Bailiffs today moved in to clear dozens of anti-lockdown protesters from their ‘Lovedown’ camp in Shepherd’s Bush.
Dozens of bailiffs from the National Eviction Team gathered to evict the demonstrators who have been camping on Shepherd’s Bush Green since May 31.
The group, who call themselves ‘Lovedown’, have been protesting against the lockdown, mask wearing, Covid tests and vaccines.
They had set up around 40 tents on the Green in a rebellion against the government’s lockdown restrictions and were later served with an eviction notice.
But today, bailiffs – who were supported by Met Police officers – moved in to try and remove the protesters and their camp.
The protesters had set up around 40 tents on the Green in a rebellion against the government’s lockdown restrictions and were later served with an eviction notice
Dozens of bailiffs from the National Eviction Team gathered to evict the demonstrators who have been camping on Shepherd’s Bush Green since May 31
But today, bailiffs – who were supported by Met Police officers – moved in to try and remove the protesters and their camp
Met Police officers can be seen speaking to some of the protesters today as bailiffs moved in to remove the demonstrators from the camp
The High Court approved the Hammersmith and Fulham Council’s possession order for the camp to be removed in last week. The protesters have said they have appealed the court decision.
Some protesters were seen packing up their tents as they were faced with the bailiffs, some of whom were wearing helmets.
But an Instagram Live video from the Lovedown group’s page posted at 7.45pm on Tuesday night shows some of the group still on the Green by their tents. A council spokesperson confirmed that some of the protesters were still there.
‘We continue to support the Met Police and bailiffs to clear the trespassers on Shepherds Bush Green following receipt of a possession order,’ a council spokesperson told MailOnline.
The group have been calling for masks to be scrapped and claim people who do wear the protective face covering increase their risk of inhaling coronavirus.
The protesters have also called for the testing to be scrapped and even questioned why, if the disease is so deadly, you would need to be tested to have it. This is despite medical experts proving that people with coronavirus can be asymptomatic, which means they show no symptoms but can still pass on the virus.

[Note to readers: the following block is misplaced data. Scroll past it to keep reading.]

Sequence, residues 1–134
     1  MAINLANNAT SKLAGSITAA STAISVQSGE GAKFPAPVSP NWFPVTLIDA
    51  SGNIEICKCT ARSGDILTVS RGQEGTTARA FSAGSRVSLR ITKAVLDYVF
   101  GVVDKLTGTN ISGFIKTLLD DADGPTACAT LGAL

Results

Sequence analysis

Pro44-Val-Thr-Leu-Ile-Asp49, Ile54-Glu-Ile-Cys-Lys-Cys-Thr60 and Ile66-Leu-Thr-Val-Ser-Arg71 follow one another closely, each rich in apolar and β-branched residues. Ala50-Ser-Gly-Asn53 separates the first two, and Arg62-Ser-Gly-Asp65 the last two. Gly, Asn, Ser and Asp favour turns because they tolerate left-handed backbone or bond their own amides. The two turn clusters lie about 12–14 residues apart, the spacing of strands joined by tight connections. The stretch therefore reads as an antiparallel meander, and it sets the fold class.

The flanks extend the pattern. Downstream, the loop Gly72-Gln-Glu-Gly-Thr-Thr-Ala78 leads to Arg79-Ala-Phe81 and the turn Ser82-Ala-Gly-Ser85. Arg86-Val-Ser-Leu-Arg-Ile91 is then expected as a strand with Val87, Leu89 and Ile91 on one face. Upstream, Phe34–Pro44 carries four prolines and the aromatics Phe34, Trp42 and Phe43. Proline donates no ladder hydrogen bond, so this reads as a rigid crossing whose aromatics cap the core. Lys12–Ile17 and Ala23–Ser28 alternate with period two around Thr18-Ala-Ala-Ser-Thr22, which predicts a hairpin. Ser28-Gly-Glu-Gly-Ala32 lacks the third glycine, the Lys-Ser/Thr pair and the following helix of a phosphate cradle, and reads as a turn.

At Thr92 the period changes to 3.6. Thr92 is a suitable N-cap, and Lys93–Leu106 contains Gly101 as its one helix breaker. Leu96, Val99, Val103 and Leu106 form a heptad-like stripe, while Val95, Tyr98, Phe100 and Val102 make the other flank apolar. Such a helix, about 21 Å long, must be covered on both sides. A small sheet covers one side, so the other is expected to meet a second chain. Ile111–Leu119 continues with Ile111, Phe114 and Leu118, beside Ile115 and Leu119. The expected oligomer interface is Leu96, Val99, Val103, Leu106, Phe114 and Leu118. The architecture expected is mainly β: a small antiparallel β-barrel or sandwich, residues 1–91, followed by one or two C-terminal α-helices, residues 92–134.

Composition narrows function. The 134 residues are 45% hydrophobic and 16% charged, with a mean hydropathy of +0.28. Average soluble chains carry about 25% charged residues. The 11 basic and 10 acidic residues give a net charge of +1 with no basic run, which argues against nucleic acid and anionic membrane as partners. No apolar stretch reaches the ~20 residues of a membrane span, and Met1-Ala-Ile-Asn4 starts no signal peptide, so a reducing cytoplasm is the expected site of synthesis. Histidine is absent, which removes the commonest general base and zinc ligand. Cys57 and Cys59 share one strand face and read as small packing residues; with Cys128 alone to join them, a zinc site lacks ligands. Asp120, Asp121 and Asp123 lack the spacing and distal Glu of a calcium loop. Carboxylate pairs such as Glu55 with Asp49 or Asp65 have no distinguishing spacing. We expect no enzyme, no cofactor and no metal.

A Met Police spokesperson did not provide a statement but did confirm that officers had attended to ‘prevent any breach of the peace’.
Bailiffs from the National Eviction team can be seen (left) moving in a line towards the camp, while the protesters (right) sat by their tents
Bailiffs from the National Eviction Team (right) today tried to move the protesters who have set up camp on Shepherd’s Bush Green
It comes after protesters from the ‘Lovedown’ group were seen attending a protest outside Downing Street yesterday and holding up posters.
During the anti-lockdown protests, an injured police officer was dragged away as Laurence Fox and Piers Corbyn joined maskless anti-lockdown protesters demanding an end to all Covid restrictions.
Mr Fox, 43, was shown speaking with police while holding a copy of an anti-lockdown magazine, while Jeremy Corbyn’s 74-year-old brother held an anti-vax banner alongside protesters calling climate change a ‘con’ and complaining about the ‘New World Order’.
Other activists held signs calling for masks and testing to be scrapped, with others said ‘99.7% of people do not die’ and ‘the media is a virus’.
Social media messages showed the demonstration had been specifically planned to coincide with Mr Johnson’s announcement to the Commons about the fate of the opening plans for June 21.
Footage from the demonstration shows a female police officer being hauled away by her colleagues, as protesters scream ‘traitors’ and ‘it’s all right when it happens to one of us, isn’t it’.
Boris Johnson on Sunday urged Britons to be patient as he announces that the relaxation of Covid restrictions will be pushed back until July 19 because of the rampaging Indian variant, to allow more people to receive their second vaccine dose.